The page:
I was doing incredibly well, or so I thought. I booted this sucker up for the first time at 7 PM and before I knew it, I had a fairly happy and successful little village going. Not bad for having no knowledge of the game prior to playing it…I guess I really am a true games “journalologist” (HA!). Around 9:30, all of that went downhill when my population starting dying off one by one due to old age. To my dismay, I discovered that my villagers hadn’t produced enough children to replace those dropping like flies. Apparently, couples are hesitant to conceive children when being crammed into a house already occupied by three complete strangers…who knew? Essential buildings were now vacant, resources were starting to dwindle as a result…needless to say, I was a sad little panda when I realized that I had a serious problem. Such is the way of “Banished”.
“Banished” is not exactly the first name I’d pick for a “city-builder” of this type…though it does tie in with the story, what little there is. Essentially, you’ll choose some map parameters and be thrust into a world with only a handful of people and resources. These people were once exiled from whence they came (hence the name) and it’ll be your job to build them a new home. While I used the term “city-builder” earlier, it’s really a “village-builder” as your population really doesn’t grow to meta proportions. I never saw anything past forty adult villagers in my first playthrough, but more on that later.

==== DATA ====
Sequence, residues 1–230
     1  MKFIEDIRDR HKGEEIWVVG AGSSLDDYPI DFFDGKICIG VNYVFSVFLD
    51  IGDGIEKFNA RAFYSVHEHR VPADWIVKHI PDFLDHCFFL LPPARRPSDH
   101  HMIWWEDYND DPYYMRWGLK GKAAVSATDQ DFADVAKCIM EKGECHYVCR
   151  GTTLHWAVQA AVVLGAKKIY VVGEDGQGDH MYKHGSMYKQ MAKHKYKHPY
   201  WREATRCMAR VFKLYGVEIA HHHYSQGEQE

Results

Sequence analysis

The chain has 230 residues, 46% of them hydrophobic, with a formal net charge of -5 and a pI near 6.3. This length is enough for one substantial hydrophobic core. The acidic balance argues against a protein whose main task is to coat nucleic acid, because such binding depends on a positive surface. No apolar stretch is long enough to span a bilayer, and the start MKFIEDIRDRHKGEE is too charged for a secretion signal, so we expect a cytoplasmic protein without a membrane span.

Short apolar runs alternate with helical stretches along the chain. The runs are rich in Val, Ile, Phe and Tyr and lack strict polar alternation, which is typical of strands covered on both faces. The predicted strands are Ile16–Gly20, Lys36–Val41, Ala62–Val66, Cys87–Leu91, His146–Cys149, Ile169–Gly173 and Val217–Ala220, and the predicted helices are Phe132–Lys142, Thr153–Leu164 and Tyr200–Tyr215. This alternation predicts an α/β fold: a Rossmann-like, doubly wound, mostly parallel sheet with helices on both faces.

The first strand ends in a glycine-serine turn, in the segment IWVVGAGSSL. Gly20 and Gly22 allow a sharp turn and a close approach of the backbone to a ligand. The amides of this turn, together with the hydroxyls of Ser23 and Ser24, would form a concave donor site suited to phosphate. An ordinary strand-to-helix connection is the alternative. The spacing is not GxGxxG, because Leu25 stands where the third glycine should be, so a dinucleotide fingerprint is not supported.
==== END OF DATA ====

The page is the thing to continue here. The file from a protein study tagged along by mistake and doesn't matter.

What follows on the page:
As far as the nitty-gritty details are concerned, “Banished” is a single player game through and through. The main menu will allow you start a new game, continue an existing one, check out tutorials, view achievements, and adjust game options. The options menu covers your basics and then some, like screen resolution, graphics quality, audio volumes, vsync, fullscreen, keybinds, auto-save timer, and etc. Starting a new game will bring up a small box that allows you to customize your experience by way of difficulty, terrain type/size, climate, disasters (on/off), and etc. You’ll also be able to name your village and choose a particular map seed, if you so desire. Overall, a fully functional menu system.